The mid-Thirties edition of the orchestra boasted a trumpet section consisting of Rex Stewart (on cornet), Cootie Williams, and Arthur Whetsol, trombonists “Tricky Sam” Nanton, Lawrence Brown, and Juan Tizol, and a reed section with Bigard on tenor and clarinet, Hodges on alto, Hardwick on alto and clarinet, and Carney on baritone. The rhythm section included Ellington, long-time associate Fred Guy on guitar, Billy Taylor, Sr., on bass, and Greer on drums. In 1936, Ellington began to organize a series of small group sessions drawing on the array of talent in his group. It was a way to keep people working while functioning as a musical workshop for Duke’s endless flow of musical ideas. Such famous numbers as “Jeep’s Blues,” recorded by a Hodges group in 1938 and “Caravan,” done by a Bigard-led band in 1936, were first recorded at small group dates. These recordings, including solo piano performances, are collected in Duke Ellington: The Complete 1936-1940 Variety, Vocalion, and Okeh Small Group Sessions (2007 Mosaic).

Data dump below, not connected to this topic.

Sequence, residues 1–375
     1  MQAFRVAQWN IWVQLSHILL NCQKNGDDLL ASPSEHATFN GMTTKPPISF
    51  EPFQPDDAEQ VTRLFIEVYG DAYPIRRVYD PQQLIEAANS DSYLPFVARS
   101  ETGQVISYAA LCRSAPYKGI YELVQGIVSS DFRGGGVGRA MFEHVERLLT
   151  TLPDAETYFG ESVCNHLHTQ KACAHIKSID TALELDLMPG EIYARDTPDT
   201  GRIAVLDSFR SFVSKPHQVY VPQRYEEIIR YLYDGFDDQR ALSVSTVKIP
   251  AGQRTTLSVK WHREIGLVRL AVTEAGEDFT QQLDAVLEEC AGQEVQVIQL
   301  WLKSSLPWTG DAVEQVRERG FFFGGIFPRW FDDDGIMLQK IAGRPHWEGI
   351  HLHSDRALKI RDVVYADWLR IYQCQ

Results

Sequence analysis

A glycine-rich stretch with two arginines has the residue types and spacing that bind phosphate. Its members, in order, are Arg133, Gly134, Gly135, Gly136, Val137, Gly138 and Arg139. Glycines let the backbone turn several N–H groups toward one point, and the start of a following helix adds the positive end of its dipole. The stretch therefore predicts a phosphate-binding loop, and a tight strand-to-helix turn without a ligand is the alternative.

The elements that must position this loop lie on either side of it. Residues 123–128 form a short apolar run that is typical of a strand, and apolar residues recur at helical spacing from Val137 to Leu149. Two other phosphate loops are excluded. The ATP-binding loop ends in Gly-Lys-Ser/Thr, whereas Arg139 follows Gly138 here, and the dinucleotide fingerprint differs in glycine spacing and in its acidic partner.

With the arrival of tenor saxophonist Ben Webster in the mid-Thirties, bass virtuoso Jimmy Blanton in 1939, and trumpeter/violinist Ray Nance in 1940, the band embarked on a golden period, featuring updated versions of past hits and new compositions like “Concerto for Cootie,” the up-tempo flagwavers “Cotton Tail” and “Ko-Ko,” and compact masterpieces like “Main Stem” and “Harlem Air Shaft.” Composer/arranger Billy Strayhorn came aboard in 1939, writing what would become the band's well-loved theme song, “Take the ‘A' Train,” while traveling to New York to join the group. For more than a quarter of a century, he had a role that Ellington later described as “my right arm, my left arm, all the eyes in the back of my head, my brain waves in his head, and his in mine.” With Strayhorn and Ellington finishing one another’s musical phrases and the panoply of star soloists in orchestra, the early Forties saw an unparalleled run of inventive records. In 1943, after twenty years of gigging across the U.S. and ten years after their British concert debut, Ellington and the orchestra finally appeared on a major American stage, Carnegie Hall, in a concert benefitting Russian War Relief. Benny Goodman had famously brought jazz to Carnegie in 1938, but Ellington’s appearance was the first by an African-American organization. For the occasion, the band premiered “Black, Brown and Beige: A Tone Parallel to the History of the American Negro.” The 1943 show and subsequent appearances at Carnegie in 1944, 1946, and 1947, which continued to present new Ellington suites, were recorded and finally released in the Seventies by Prestige Records in a series of multi-album sets.